Biden could try to win support of a Meredith nomination with Republican votes in an evenly divided Senate. But a president fighting his own party for a lower-court judicial nominee would be highly unusual, and he would have to overcome a Judiciary Committee controlled by Democrats.

McConnell has refused to comment until Biden officially submits a nominee, but his camp has dismissed talk of a deal as “false information.”

Biden’s potential nomination of Meredith has fueled a backlash from progressive activists who have demanded bolder action from the Biden Administration after the Supreme Court decision.

Several pro-abortion-rights groups have called the potential nomination “unacceptable” and demanded Biden not move ahead with it.

nominated,” Brown said. “He should not send the name on.”

Research contact: @USATODAY

Supreme Court strikes down Roe v. Wade

June 27, 2022

On Friday, June 24, the U.S. Supreme Court struck down Roe v. Wade—eliminating the nearly 50-year-old constitutional right to abortion and handing states authority to drastically limit or ban the procedure, reports The Hill.

The political bulletin predicts that the 6-3 decision by a majority of conservative justices will “fundamentally reshape” American society by overturning the landmark 1973 precedent—and cautions that “it is certain to ignite a political firestorm and yield a complex patchwork of state laws that will effectively block large swathes of the population from terminating unwanted pregnancies.”

The ruling upholds Mississippi’s 15-week abortion ban, which directly clashed with Roe’s requirement that states permit abortion up to the point of fetal viability, around 24 weeks, as well as Planned Parenthood v. Casey, a 1992 decision that reaffirmed Roe’s core holding.

“Roe was egregiously wrong from the start,” Justice Samuel Alito wrote for the majority. “Its reasoning was exceptionally weak, and the decision has had damaging consequences. And far from bringing about a national settlement of the abortion issue, Roe and Casey have enflamed debate and deepened division.”

He further noted, “It is time to heed the Constitution and return the issue of abortion to the people’s elected representatives.”

More than two dozen states, primarily in the South and Midwest, are expected to tighten abortion access as a result of Roe falling—including 13 states with “trigger bans” set to take effect automatically or through minimal effort by state officials.

For conservatives, the toppling of Roe marks the crowning achievement of a carefully orchestrated and well-funded movement that for decades has sought to elevate reliable allies to the Supreme Court and erase federal protections under Roe that conservatives have long considered an infringement of states’ rights.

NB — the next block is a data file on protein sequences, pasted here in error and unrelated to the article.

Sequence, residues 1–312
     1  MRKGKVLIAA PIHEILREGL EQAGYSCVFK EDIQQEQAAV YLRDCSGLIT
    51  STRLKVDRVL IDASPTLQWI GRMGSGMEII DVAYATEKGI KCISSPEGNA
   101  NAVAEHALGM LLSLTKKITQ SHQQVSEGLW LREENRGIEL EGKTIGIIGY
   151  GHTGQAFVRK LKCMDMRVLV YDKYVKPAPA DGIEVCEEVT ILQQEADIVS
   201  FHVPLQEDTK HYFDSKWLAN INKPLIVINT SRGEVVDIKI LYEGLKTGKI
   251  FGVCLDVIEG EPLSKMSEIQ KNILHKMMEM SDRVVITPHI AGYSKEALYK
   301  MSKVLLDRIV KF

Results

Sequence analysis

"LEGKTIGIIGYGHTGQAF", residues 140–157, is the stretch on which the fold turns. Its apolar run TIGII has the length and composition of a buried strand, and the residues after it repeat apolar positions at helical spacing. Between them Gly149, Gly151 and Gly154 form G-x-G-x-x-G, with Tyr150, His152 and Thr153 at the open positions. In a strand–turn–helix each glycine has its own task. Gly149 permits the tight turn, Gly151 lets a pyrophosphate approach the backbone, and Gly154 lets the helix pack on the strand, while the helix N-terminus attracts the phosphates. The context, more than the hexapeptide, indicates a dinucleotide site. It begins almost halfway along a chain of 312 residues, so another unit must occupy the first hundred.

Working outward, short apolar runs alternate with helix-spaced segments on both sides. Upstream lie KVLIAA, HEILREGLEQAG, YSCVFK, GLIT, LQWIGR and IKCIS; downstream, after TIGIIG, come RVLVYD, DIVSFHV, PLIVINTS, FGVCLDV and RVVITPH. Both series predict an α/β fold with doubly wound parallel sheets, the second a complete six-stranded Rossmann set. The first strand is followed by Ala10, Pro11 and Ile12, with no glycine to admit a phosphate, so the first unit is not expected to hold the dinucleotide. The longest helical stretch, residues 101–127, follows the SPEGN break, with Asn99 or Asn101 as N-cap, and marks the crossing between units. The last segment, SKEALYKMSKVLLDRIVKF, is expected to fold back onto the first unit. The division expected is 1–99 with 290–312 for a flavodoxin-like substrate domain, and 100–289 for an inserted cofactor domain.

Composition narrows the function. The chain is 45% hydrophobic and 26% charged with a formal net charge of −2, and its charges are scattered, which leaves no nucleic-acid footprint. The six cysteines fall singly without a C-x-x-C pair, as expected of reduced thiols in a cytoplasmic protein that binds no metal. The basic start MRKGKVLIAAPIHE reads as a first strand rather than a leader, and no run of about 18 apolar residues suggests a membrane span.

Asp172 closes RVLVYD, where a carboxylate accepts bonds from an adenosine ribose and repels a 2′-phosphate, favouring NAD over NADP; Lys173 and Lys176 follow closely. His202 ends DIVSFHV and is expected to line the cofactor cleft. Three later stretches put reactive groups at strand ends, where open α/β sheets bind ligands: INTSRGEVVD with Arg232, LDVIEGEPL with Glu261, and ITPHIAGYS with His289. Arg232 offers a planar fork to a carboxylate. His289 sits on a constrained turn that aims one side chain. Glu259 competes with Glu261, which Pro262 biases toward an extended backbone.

Chief Justice John Roberts joined in the majority’s judgment but said he would have preferred a more incremental approach that would not have required overturning Roe and Casey outright.

“If it is not necessary to decide more to dispose of a case, then it is necessary not to decide more,” the Chief Justice wrote in a concurring opinion. “Perhaps we are not always perfect in following that command, and certainly there are cases that warrant an exception. But this is not one of them.”

The blockbuster decision comes after a stunning breach of Supreme Court secrecy last month led to the public release of a draft version of the opinion, offering a glimpse at the coming dismantlement of abortion rights as well as the likely upheaval over a ruling that most Americans said they would oppose.

Research contact: @thehill

In pushback to Trump, Supreme Court allows release of hundreds of January 6 documents

January 21, 2022

The Supreme Court on Wednesday, January 19,  refused a request from former President Donald Trump to block the release of White House records concerning the January 6 attack on the Capitol—effectively rejecting Trump’s claim of executive privilege and clearing the way for the House committee investigating the riot to start receiving the documents hours later, reports The New York Times.

The court, with only Justice Clarence Thomas noting a dissent, let stand an appeals court ruling that Trump’s desire to maintain the confidentiality of internal White House communications was outweighed by the need for a full accounting of the attack and the disruption of the certification of the 2020 electoral count.

In an unsigned order, the majority wrote that Mr. Trump’s request for a stay while the case moved forward presented weighty issues, including “whether and in what circumstances a former president may obtain a court order preventing disclosure of privileged records from his tenure in office, in the face of a determination by the incumbent president to waive the privilege.”